John Coughlin, the US figure skating champion who took his own life Friday, was facing no fewer than three allegations of sexual misconduct, two of them involving minors, a source tells USA Today. The source says the US Center for SafeSport, which sanctioned Coughlin in December after an allegation involving a person over 18, received the two allegations involving minors in recent weeks. The center, which was set up in 2017 to respond to allegations of sexual misconduct involving Olympic athletes, decided to hand the 33-year-old Coughlin an interim suspension Thursday night. He was found dead at his father's home in Kansas City the next day. After the initial allegation, Coughlin said it was "unfounded" but rules prevented him from speaking freely about it.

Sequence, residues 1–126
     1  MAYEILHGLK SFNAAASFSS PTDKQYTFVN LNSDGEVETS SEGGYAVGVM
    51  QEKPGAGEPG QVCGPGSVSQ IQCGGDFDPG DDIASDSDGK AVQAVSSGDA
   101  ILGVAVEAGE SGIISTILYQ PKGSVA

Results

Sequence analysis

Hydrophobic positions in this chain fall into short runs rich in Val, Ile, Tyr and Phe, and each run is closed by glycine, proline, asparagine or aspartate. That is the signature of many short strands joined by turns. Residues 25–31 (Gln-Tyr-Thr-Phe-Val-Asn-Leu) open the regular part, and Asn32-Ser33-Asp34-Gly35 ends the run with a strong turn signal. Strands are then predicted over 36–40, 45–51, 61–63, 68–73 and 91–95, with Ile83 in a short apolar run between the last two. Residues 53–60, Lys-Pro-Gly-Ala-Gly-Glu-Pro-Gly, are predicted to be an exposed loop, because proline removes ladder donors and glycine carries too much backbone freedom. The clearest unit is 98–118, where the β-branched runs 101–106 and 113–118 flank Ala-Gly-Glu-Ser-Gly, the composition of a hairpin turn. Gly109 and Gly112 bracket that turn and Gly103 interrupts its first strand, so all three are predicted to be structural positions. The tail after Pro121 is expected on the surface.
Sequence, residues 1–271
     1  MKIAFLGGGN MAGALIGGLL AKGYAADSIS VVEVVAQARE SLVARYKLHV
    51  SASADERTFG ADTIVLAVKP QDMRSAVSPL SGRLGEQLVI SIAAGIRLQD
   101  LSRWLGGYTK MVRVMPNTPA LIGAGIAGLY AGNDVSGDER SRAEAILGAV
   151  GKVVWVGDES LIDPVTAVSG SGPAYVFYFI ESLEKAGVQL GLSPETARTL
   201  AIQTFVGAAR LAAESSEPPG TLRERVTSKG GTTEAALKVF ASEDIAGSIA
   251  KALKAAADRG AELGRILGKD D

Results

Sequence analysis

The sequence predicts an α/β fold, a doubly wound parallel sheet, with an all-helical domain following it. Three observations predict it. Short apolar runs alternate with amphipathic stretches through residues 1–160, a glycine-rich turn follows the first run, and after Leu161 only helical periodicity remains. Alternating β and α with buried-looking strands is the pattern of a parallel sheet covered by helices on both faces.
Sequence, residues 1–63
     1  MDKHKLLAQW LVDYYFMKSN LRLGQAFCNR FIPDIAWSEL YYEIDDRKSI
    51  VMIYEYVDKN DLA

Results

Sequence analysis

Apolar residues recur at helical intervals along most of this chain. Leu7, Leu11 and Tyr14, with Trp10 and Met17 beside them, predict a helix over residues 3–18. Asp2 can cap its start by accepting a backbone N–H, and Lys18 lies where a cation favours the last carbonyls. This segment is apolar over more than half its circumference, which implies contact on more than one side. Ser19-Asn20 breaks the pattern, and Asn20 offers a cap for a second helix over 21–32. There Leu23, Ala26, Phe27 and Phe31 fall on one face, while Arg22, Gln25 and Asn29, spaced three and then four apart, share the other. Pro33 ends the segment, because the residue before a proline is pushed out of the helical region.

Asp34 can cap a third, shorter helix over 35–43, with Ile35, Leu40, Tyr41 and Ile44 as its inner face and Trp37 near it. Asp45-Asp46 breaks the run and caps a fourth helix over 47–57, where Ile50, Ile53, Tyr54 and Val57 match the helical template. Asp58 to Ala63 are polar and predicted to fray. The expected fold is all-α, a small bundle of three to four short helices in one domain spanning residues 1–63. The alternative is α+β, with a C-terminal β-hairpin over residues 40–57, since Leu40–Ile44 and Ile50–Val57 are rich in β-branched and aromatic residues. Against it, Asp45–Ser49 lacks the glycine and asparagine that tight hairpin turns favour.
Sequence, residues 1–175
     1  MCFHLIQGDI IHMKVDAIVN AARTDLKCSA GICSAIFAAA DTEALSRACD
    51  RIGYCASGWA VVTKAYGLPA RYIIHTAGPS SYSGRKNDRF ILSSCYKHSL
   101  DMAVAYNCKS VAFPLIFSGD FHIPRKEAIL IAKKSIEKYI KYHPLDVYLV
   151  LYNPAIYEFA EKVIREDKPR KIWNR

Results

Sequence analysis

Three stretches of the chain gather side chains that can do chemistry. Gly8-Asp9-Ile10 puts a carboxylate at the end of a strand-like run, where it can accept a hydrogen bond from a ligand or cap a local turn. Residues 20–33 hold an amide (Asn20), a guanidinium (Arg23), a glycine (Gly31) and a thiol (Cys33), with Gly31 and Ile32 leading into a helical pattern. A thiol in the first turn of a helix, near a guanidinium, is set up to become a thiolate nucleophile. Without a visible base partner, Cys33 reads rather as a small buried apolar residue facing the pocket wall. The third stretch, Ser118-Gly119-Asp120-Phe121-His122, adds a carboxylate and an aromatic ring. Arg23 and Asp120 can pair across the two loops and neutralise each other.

The interim suspension meant Coughlin, a two-time US pairs champion and the chair of the International Skating Union's athletes committee, was banned from taking part in any activities organized by US Figure Skating or the US Olympic Committee, including this week's national figure skating championships in Detroit. In a statement Saturday, USFS said it was "stunned" by Coughlin's death and out of respect for his family, it would have no further comment until a later time. "This is tragic any way you look at it," two-time Olympian Randy Gardner said in a statement, per CNN. "With the allegations still unknown, we have yet to know the pressure he may have been under. I hate to hear of this as we're also trying to protect the athletes in our sport." (Read more figure skating stories.)